What is your vision for Astoria?
Astoria is an amazing place. My role as council member is to make the government work for every member of Astoria. I’m focusing on improving schools and moving trailers that have been in schoolyards for almost 15 years. I’m also focusing on improving the environment, and introducing legislation to study environmental air pollution and quality. I also want to keep the streets clean. We’ve set up a DOE fund to sweep up thoroughfares. We have men and women from the DOE sweeping 7 days a week on Broadway, 30, and 21st street to ensure businesses and residents have a clean community.
What are you currently working on?
My current top priority for May is keeping Astoria clean. I’ve partnered with the councilwoman and senator to start a public awareness campaign. This campaign includes everything from making sure no one is dumping in corner cans, cleaning up the streets, keeping the local parks clean, and removing graffiti.
A lot of constituents have brought up the fact that the elevated train platforms aren’t handicap accessible, is this being addressed?
I absolutely agree with them. We have taken this matter seriously, and are working with the MTA for a resolution at some point. All current elected officials are working on the matter, and it’s going to be a longer project that we’re focusing on.
What are your thoughts on the Health Inspection Department, and the fact that a lot of local businesses aren’t happy with their grades and inspections?
Our council is in the process of revising the current regulations for the Health Inspection Department. We wholeheartedly agree with the restaurants. Under the Bloomberg administration a lot of tickets that were issued should not have been given out – they were just revenue generating grievances, issued to raise money for the Health Inspection Department. They didn’t give restaurants a chance to rectify the situation, and did not give any first warning. They were vindictive and went after small businesses. Mayor DeBlasio has done a lot of revising to how his health agency works, and the city council is in the process of helping to change the laws, such as providing restaurants a first warning on non-food related issues. Our goal is to keep food production safe, not penalize restaurants and raise revenue.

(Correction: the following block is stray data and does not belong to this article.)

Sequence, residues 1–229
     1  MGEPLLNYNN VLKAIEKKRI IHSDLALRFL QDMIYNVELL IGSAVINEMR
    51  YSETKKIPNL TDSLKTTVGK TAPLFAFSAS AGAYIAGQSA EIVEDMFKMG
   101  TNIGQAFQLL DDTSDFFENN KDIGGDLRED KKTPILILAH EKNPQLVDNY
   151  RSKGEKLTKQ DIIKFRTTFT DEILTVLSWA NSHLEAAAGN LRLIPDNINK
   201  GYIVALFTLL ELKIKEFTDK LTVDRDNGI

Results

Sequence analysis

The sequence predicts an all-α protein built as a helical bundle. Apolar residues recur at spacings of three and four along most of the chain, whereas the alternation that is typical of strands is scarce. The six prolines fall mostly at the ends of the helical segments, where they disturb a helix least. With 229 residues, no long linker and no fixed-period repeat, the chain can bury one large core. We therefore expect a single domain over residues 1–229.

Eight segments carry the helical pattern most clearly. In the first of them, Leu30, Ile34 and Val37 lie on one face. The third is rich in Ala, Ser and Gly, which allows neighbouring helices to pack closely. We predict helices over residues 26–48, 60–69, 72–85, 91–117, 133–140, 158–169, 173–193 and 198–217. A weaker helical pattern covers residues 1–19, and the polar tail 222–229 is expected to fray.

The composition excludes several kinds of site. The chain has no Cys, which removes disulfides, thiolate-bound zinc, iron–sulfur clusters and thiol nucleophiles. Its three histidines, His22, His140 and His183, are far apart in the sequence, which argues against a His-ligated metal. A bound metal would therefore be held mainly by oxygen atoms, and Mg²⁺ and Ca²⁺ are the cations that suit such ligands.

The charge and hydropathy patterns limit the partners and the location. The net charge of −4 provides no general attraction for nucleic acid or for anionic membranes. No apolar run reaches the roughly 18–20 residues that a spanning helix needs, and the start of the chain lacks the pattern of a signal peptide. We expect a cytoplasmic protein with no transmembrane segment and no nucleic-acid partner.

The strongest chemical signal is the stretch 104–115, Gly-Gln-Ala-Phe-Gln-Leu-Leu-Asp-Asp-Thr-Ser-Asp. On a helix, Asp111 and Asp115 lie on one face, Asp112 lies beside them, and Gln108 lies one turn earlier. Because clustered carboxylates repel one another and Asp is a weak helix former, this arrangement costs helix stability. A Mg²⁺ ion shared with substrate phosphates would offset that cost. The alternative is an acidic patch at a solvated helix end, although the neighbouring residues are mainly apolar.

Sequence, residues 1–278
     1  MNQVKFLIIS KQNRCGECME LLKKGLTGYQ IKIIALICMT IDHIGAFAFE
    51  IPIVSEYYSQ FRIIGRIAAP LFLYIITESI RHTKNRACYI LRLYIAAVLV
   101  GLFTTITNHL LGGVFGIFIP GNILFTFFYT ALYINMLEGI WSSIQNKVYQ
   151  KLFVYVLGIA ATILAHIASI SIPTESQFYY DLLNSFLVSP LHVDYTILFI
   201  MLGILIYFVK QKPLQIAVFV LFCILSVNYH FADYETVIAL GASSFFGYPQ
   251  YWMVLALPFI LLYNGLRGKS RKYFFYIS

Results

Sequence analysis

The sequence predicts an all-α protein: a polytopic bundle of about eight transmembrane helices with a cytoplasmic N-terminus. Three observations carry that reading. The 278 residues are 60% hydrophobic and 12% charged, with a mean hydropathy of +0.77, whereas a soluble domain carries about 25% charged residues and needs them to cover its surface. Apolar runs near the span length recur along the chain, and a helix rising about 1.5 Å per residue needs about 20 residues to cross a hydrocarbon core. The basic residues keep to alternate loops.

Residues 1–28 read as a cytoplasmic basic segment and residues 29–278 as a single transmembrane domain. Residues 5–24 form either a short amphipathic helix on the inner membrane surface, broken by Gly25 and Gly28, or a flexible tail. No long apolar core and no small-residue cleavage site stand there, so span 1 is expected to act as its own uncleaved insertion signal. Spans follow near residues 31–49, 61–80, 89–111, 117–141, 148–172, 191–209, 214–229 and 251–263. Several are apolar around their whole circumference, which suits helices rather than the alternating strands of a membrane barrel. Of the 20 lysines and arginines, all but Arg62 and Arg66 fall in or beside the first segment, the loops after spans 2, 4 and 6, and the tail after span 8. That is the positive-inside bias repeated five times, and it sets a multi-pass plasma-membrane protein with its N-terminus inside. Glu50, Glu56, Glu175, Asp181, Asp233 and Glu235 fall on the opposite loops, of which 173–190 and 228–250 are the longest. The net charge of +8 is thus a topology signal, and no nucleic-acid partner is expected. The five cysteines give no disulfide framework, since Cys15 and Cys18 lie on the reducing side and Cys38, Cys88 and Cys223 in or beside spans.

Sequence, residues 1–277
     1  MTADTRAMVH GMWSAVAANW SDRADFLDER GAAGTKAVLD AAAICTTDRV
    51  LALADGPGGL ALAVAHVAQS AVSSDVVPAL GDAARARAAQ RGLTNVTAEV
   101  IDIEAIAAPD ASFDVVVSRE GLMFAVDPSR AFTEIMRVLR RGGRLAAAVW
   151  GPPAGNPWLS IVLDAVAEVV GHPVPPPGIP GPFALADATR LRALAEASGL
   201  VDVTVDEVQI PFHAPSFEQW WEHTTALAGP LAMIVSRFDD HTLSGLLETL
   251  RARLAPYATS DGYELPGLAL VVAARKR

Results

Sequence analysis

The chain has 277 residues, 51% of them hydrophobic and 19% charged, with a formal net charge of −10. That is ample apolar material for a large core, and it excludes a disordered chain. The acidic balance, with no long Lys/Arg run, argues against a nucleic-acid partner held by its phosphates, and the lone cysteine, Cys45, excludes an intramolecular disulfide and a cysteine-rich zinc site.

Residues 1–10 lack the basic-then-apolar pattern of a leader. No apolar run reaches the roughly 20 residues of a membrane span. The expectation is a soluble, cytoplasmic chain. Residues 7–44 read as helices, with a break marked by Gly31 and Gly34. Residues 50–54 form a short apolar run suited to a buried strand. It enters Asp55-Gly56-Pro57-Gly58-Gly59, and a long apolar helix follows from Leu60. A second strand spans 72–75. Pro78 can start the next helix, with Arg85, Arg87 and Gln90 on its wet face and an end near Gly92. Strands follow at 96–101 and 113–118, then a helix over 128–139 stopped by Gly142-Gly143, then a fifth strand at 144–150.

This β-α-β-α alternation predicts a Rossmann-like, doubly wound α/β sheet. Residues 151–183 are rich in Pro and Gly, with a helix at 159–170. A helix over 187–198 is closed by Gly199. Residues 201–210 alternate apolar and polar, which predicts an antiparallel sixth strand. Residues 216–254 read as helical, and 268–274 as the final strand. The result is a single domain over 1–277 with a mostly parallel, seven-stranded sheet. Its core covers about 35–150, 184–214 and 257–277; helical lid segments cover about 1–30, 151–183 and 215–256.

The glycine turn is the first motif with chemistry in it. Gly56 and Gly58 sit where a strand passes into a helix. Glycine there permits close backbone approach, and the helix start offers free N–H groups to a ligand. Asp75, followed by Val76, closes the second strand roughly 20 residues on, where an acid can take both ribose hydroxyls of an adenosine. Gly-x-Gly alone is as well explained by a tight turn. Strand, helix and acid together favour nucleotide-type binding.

What has been your biggest challenge as councilman?
I don’t see anything a as a challenge – just as an opportunity. Train delays have been an ongoing problems, as is the noise pollution by the trains at PS 85. We are aiming to reduce the noise from the tracks to create an environment more conducive to learning. We’re also working on a ferry to Hallet’s Point, which I am a huge advocate of. This is a long term project, but it will serve to move people from Manhattan to Astoria.
What do you think about the Citibike program expanding to Astoria?
I’m a big proponent of the Citibikes. They are going t help tourism, and help connect tourists from Manhattan to the amazing institutions we have in Astoria, like the Socrates Sculpture Park and the Museum of the Moving Image.
What’s your favorite thing about Astoria?
My absolute favorite thing is the community. We’ve grown and are currently the “it” location to be, and are seeing so many new residents moving in, but we’ve never lost our community feel. Astoria still feels like home.There’s people from so many different walks of life, and they all exist in harmony – and that’s what makes us great. It’s a very humbling experience to have grown up here, and now being able to raise my family here and be councilman.
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